LMS eCommerce: B2C AND B2B
Do you want to grow your revenue? Selling your courses in a B2B (Business to Business) or B2C (Business to Consumer) environment is rapidly gaining traction in most learning organizations.
While initially, the transition may feel overwhelming, the Learning Management System you use is one of the significant factors between success and failure.
Do I need a Learning Management System?
A Learning Management System organizes, delivers, and tracks learning content and activities. Organizations not using an LMS can do nothing more than sell the product, and that is if they are using a shopping cart for course selection and payment for B2C transactions.
The LMS assists training organizations in delivering and tracking the content, assisting with selling memberships, enrolling users in courses, setting up class schedules, or conducting other tasks such as analytics and reports.
As technology transforms, the role of the LMS as the nucleus of the learning organization changes also. Modern LMSs also include a mobile learning interface that is now more popular than viewing content on a desktop computer. Selling training through an online checkout system was previously for large organizations.
Today, authors and Subject Matter Experts can easily do so as well as using easy-to-use Learning Management Systems.
eCommerce allows training organizations to earn money and perform as a for-profit entity. In the B2C scenario, training content providers have a choice. They can sell their courses à la cart through a shopping cart or sell a library of course content as a membership subscription.
eLearning offers on-demand content and typically provides a higher Return On Investment (ROI). However, there is an integration component. If you use an online learning platform that easily integrates eCommerce, the LMS, and analytics and reports, you may be surprised to learn there is a captive audience willing to pay for the knowledge.
B2B is Different
In the B2B scenario, businesses may enroll a larger number of users into their programs. The company agrees to make payments on a monthly, quarterly, or yearly basis. The LMS system enables businesses to enroll and access the designated courses or programs for a specific time. You can receive payment through a shopping cart or receive payment through more traditional methods.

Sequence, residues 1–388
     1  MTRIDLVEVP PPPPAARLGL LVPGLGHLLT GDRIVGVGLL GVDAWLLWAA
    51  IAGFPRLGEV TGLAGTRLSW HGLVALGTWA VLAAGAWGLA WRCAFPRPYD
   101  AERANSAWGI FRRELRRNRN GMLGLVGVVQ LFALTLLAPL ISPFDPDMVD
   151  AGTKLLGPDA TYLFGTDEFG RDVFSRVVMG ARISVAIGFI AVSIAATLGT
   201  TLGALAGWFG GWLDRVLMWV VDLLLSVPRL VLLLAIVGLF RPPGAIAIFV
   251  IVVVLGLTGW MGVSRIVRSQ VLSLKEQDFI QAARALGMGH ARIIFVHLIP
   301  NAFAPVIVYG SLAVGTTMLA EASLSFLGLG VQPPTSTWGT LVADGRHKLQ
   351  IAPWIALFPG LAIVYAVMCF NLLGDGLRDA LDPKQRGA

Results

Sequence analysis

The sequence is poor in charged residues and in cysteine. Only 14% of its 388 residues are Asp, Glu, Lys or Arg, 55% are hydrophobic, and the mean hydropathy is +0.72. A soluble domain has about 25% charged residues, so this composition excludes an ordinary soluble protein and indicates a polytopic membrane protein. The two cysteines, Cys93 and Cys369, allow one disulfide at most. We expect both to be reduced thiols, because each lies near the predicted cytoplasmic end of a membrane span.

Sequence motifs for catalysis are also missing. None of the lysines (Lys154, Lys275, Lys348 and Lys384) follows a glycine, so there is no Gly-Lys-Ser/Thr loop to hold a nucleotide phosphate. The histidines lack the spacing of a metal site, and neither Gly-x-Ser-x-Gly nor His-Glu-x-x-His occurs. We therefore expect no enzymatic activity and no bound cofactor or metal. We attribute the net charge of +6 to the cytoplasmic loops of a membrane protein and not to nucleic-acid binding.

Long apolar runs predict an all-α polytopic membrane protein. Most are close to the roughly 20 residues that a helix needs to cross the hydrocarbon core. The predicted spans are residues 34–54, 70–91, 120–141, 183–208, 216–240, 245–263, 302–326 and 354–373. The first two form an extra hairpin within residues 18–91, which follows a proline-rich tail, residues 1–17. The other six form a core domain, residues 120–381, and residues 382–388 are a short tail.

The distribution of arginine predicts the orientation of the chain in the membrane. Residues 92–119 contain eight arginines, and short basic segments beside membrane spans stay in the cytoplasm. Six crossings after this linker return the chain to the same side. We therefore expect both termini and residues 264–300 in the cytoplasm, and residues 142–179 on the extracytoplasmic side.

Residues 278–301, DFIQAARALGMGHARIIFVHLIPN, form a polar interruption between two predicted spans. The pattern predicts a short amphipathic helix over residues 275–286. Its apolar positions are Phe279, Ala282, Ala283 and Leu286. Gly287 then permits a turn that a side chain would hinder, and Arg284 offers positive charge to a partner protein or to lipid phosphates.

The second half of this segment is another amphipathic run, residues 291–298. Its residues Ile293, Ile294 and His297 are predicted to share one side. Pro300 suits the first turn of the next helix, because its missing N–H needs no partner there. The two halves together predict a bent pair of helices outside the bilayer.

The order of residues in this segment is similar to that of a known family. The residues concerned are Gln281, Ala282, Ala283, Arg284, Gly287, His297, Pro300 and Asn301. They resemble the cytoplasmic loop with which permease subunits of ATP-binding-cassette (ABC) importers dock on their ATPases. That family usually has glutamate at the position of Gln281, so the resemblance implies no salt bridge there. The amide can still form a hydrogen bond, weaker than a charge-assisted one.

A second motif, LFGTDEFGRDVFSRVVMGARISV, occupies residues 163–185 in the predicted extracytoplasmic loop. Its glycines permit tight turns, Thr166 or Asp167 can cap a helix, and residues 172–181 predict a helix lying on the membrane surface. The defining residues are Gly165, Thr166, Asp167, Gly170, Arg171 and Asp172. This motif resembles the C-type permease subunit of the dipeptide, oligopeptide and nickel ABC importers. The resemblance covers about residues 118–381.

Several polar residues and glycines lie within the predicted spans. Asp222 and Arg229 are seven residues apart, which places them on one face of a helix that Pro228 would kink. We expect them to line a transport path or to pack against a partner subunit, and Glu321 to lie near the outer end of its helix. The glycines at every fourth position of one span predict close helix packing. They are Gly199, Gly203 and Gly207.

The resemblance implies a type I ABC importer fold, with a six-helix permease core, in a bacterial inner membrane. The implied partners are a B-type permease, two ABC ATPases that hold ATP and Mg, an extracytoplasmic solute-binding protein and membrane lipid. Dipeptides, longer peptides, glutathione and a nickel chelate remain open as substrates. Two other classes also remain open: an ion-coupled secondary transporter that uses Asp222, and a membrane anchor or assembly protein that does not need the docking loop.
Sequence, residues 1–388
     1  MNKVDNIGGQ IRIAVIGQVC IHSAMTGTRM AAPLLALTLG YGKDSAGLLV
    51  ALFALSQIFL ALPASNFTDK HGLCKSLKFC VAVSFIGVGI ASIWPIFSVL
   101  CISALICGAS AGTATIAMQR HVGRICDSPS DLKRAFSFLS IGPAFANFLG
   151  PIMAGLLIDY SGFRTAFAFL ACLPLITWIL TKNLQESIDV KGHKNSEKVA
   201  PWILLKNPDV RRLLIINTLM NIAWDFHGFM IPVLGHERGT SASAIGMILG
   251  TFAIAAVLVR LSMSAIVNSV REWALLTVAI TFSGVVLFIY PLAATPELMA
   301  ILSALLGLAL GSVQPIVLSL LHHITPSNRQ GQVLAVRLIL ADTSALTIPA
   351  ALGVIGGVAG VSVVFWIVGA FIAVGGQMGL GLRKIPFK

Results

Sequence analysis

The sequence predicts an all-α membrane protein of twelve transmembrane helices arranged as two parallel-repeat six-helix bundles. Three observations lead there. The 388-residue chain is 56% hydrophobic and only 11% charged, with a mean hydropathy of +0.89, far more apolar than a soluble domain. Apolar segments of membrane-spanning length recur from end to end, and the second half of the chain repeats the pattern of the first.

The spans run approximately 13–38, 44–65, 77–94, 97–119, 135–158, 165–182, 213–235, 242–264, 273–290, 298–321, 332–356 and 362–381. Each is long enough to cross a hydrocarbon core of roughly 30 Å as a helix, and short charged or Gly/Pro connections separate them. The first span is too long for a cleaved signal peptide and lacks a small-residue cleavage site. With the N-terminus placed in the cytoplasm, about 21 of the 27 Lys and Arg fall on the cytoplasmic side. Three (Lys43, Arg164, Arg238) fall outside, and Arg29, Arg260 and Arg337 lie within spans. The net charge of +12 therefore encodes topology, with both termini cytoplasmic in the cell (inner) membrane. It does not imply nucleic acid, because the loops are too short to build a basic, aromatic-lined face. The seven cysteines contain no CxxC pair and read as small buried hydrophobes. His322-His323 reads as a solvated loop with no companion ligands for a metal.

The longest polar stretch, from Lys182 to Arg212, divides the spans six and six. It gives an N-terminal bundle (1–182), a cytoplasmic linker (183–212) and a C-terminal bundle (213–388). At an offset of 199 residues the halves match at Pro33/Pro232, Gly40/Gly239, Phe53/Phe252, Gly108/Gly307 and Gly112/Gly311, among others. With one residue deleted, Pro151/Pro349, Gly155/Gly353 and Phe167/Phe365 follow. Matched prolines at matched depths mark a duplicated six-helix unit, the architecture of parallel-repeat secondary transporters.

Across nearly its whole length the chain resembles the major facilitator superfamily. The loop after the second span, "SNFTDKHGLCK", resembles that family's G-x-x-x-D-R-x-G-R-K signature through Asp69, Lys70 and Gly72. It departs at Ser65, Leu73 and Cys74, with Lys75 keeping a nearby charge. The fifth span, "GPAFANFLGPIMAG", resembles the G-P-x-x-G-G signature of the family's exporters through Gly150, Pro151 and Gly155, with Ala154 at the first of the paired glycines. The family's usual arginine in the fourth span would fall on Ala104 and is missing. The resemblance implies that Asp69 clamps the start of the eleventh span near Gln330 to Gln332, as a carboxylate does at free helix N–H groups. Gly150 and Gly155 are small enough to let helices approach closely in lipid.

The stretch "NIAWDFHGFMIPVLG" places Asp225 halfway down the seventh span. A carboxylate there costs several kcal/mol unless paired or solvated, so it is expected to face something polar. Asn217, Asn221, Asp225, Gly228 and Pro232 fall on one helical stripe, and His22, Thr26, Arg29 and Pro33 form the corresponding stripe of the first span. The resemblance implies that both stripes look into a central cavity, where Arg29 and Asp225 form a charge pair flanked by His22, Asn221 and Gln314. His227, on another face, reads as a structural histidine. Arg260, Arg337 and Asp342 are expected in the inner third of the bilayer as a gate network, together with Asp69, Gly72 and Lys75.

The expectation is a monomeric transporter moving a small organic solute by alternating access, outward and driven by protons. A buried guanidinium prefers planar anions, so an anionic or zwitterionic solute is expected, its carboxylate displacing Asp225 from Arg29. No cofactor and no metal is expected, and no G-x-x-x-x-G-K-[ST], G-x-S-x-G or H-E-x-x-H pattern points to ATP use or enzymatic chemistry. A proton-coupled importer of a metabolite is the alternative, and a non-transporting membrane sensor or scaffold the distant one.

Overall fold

Marketing & Product Positioning is Important
Make sure you get the right product in front of the right learner for the right price. Learners are accustomed to seeing various signup options. For example, one user purchases the course. During the checkout process, the user gets an offer to join at the membership level, where they pay one monthly price for all products.
You may offer a volume discount to specific customers and may even provide the course for free if it is a subject you want your business partners to consume, such as product training. This is when your LMS does its work. The course catalog allows large groups of learners to view and purchase content (or services) you list. Use simple admin rules to change the way your catalog appears to different users.
LEARNING PLATFORMS MUST BE EASY TO USE
Learning Platforms Must be Easy to Use
The LMS is now part of your online store. You must consider the look and feel of the site. Create a theme for your website, and either use your existing brand or create one if you do not have one. Using a single sign-on gives the learner seamless navigation around the site.
Using the content and data stored on the LMS, you can now easily track student progress and other stats.
Ensure your LMS Combines the Power of Browsing, Buying, And Learning
A Learning Management System must provide the flexibility to offer the course in B2B or B2C scenarios, or the combination of the two, through one integrated solution. As a business owner, you can manage your operations more efficiently and effectively.
When users visit your site and log in, they do not have to go here and there to view their preferred content choices. If the learner sees a course they want to take, they sign up.
In the B2B scenario, the learner begins the course as the company has an agreement with the owner of the content. The learner need not pay. In the B2C situation, the learner must pay for the course before viewing it.
This Blog is Originally Published at eLearning Industry on October 2, 2020.